While I’m waiting on the job situation I want to share some random thoughts.
Subways. Personally, I think there is a “best place” to sit in the subway, and I bet others will agree with me. It is whatever seat leaves one side untouched. That is, the seat nearest the door on bench-like cars (just the sides have seats in two long benches) or the end of any “L-shaped” seat on the other cars. This is for a variety of reasons. One: when it’s ultra-hot, just sitting next to another warm body can raise your own body heat 5 degrees (I swear it’s true!). So, you don’t want someone on both sides of you. Two: for those of us who are wider than the carved-out allotment of the seat, there’s a certain sense of lack of entitlement to squeeze into an empty space between two people (wide or not) and I never take it. Three: when you sit in an “end” seat your pudge can spill out on the unoccupied side without worrying about encroachment.
The subway dance is interesting to watch once you’ve procured your desired seat. On a car with L’shaped seats, people invariably sit on the outside seat. Followers must ask them to schmooge over to acquire the seat near the window, where one side is against the wall, the other against the person on the end, but the knees are banked against the pole side of the “L”. Most don’t bother, which leaves the acquirer free to put their bag in the seat closest to the window.
Another common problem I find on the subway, maybe specific to me, but I doubt it, when you are sitting next to someone of questionable social status (homeless, smelly, large, etc.). When a seat opens, I often find that, though I want that seat, I can’t move because I am afraid I will somehow offend the person I’m sitting next to, that they will see my move as avoidance of their person. I know this is quintessential privilege guilt in play, but that’s the game we play.
The other day I had my desirable seat next to the door when I noticed there was a much older man with a cane leaning against the door. I immediately stood and offered him my seat. It was only after he passed me to claim it that I realized I had not done the couple sitting next to me any favors. The man reeked. They bravely held on to their seats for at least three more stops, probably not wishing to offend. And this is the game of let’s pretend that we play in NYC.
Motifs. Do you have any motifs? By that I mean something you collect, that becomes your symbol, or that calls to you. These can change over the years. Mine were turtles, for many years. They can serve the function of easy gifts to receive from people who don’t know what to get you. I don’t know how turtles became my motif, except as a private sex joke between Vincent and me. For years I received turtle statues, cards, pictures, a tattoo and that was all fine until I realized I no longer felt any real affinity. So, I vocally let everyone know I’d switched to elephants. I did this for many reasons, one of which was realizing the plight of the elephant and seeing a lot of social media on them.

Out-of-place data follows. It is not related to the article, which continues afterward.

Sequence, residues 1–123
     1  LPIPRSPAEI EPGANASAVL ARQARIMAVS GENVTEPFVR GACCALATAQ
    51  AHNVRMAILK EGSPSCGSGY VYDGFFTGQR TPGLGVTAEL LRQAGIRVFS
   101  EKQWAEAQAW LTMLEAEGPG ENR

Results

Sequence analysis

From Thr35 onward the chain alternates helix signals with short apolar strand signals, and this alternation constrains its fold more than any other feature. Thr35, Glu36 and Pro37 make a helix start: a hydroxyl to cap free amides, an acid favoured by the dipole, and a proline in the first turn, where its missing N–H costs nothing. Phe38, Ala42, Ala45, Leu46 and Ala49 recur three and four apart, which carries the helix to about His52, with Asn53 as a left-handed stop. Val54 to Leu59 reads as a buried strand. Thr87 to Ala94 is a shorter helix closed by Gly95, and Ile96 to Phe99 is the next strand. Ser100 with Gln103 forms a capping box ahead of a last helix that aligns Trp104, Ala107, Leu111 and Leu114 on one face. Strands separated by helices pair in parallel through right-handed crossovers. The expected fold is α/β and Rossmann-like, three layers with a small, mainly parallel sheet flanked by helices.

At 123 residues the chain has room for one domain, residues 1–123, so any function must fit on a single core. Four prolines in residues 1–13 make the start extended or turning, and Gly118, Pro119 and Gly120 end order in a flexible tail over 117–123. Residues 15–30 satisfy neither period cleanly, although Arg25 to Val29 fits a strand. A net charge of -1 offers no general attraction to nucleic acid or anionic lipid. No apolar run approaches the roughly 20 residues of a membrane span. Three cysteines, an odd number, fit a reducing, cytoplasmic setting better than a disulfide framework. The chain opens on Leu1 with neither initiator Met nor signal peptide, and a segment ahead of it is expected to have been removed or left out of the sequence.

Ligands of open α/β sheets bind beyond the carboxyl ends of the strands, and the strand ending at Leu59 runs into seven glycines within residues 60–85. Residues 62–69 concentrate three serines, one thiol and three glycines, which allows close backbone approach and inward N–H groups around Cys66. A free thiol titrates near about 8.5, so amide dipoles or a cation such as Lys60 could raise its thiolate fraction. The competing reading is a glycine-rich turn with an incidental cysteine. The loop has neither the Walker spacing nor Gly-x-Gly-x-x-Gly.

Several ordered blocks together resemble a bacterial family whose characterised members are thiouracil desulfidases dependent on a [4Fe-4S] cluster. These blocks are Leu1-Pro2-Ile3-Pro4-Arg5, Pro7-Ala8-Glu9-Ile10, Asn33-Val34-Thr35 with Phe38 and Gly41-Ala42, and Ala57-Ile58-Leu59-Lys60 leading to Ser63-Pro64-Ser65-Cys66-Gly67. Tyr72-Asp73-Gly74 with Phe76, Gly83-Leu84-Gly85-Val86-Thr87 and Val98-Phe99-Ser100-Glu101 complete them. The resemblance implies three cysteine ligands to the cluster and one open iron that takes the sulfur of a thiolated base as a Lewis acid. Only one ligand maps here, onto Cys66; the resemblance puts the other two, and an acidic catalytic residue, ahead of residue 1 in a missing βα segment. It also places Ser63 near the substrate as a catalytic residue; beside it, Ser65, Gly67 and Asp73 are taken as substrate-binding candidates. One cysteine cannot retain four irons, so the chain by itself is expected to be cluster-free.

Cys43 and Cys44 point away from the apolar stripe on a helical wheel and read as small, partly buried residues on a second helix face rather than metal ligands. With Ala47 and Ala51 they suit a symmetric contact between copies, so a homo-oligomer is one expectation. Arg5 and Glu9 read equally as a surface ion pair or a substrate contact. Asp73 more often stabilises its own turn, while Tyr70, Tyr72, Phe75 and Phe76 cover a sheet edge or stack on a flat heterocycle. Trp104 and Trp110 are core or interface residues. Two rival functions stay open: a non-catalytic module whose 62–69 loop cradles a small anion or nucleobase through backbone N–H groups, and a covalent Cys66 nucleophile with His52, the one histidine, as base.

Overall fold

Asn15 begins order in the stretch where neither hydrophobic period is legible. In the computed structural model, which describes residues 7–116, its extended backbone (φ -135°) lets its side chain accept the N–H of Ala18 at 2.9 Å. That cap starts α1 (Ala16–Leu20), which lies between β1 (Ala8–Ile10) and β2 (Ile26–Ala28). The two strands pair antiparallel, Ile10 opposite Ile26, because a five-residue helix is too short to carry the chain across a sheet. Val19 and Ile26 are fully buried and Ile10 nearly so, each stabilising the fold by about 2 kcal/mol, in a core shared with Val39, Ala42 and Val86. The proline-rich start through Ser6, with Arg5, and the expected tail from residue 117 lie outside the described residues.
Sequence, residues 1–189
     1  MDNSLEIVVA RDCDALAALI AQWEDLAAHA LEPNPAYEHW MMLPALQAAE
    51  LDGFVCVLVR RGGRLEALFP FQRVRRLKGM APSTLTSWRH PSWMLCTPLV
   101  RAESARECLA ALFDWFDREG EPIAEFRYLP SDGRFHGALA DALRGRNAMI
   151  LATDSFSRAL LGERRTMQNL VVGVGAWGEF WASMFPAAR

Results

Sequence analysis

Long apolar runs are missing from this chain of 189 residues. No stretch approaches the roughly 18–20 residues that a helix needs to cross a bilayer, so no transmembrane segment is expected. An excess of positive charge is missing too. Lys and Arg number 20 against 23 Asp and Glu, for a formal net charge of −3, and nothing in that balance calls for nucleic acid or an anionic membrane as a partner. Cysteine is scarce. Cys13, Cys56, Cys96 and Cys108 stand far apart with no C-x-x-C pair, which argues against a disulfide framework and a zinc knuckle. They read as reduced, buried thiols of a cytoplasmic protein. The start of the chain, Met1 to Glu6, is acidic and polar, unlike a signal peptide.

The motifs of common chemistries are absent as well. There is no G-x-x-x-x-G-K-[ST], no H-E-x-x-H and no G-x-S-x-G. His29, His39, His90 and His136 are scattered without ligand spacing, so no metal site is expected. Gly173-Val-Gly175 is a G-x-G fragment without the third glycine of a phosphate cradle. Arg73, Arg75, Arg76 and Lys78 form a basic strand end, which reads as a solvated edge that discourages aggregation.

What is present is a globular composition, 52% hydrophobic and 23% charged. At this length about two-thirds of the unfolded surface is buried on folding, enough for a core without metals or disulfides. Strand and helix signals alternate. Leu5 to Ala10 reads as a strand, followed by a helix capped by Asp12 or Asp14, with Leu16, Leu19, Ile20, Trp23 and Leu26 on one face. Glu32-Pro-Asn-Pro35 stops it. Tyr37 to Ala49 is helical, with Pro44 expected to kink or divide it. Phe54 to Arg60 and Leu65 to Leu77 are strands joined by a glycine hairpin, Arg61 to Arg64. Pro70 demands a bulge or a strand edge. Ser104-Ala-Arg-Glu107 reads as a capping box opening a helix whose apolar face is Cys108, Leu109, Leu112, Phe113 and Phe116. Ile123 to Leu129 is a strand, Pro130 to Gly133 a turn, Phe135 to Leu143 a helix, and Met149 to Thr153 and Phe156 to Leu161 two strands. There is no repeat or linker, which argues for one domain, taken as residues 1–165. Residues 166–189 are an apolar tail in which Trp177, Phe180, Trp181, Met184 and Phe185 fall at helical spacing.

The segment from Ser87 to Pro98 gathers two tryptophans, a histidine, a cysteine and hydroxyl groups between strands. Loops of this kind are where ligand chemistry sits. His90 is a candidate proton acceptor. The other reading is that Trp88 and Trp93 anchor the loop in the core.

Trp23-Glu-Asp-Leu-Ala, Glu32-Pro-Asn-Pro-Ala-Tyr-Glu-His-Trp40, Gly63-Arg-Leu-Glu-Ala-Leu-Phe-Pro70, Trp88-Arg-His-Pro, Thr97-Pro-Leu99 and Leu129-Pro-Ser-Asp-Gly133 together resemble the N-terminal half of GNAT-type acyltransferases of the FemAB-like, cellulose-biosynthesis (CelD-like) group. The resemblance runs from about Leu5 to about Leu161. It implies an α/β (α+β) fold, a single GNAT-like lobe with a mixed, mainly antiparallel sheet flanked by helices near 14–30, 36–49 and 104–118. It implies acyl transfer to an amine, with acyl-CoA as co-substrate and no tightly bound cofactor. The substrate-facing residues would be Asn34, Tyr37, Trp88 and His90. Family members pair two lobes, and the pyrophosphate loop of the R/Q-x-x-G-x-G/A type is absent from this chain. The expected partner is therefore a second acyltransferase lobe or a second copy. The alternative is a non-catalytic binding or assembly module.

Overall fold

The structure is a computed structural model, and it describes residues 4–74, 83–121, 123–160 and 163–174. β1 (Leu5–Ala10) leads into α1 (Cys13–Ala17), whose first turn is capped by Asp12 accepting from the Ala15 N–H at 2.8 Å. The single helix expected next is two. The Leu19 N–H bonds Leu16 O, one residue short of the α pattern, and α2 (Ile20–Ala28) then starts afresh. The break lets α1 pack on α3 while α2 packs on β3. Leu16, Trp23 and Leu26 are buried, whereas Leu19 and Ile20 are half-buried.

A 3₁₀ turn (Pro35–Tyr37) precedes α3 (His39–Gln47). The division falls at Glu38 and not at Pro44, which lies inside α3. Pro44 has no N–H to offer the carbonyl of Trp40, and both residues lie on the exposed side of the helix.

Motifs are particularly interesting when looking back on one’s life and re-evaluating their meanings. As a fat child I was hyper-sensitive to anything that could be referenced in a fat joke. My ears were attuned to words like “pig”, “whale”, “elephant”, “orca”, etc. I wouldn’t even speak these words, for fear of somehow calling down judgement on myself. Or maybe they simply rang of judgement in my own head. It hasn’t been until middle age I’ve been able to let go of these words’ affiliation to me. So, I sometimes claim elephant, because they are beautiful creatures, with wisdom and memory. Seems more apropos.
But I have another motif of the last six or eight years. Dead trees surrounded by living ones. In 2011 I took a picture of such a tree at Yellowstone. It’s not necessarily surrounded by life, but by color and eternity. After that I found myself either taking pictures of such trees or doing so in my mind. These images would leap out at me wherever I went. A year or so ago I realized I was drawn to these images because they represented how I felt about my life. Like something dead, but still there surrounded by the life that must go on. The growth that surrounds but doesn’t encompass. The trees were a metaphor for how I felt about my life and job and status. The beginning of the end that led me here.
So, the basket with all my eggs has fallen. It’s actually good news and bad news. The job I’d been waiting on, that I’d gone in and tested twice for, that everyone was telling me I was a shoe-in for; decided to take a “pass” on me Agent A informed me late yesterday afternoon. However, an amazing woman I know had texted me in the morning with a possible job offer to start Monday. I’m not saying more about that now for fear of jinxing it, but.
If I can start working next week, and get a letter stating employment and income, I can get an apartment and move by the end of July. But, we are down to the wire. Agent A told me the hiring person would be back in the office on Monday, and she might be able to get a better explanation of the pass then. Agent B commiserated with me and offered to have some things lined up in the temp world, should I need them. Today, I am waiting to hear from my wonderful friend.
In preparation for this unexpected opportunity I found a much better place to print out documents and update my resume just around the corner. Much cheaper than Staples.
As I sit and wait I ponder that out of all the dozens of jobs I’ve applied for, the encouraging people I’ve met and spoken with, the fact that unemployment is at record lows here, and everyone says people are hiring and in need: that the one glimmer of hope I have comes from a friend. It is kind of scary how little control I have over what I can “make” happen. Is it ageism? I don’t know. But this tree’s roots aren’t dead yet.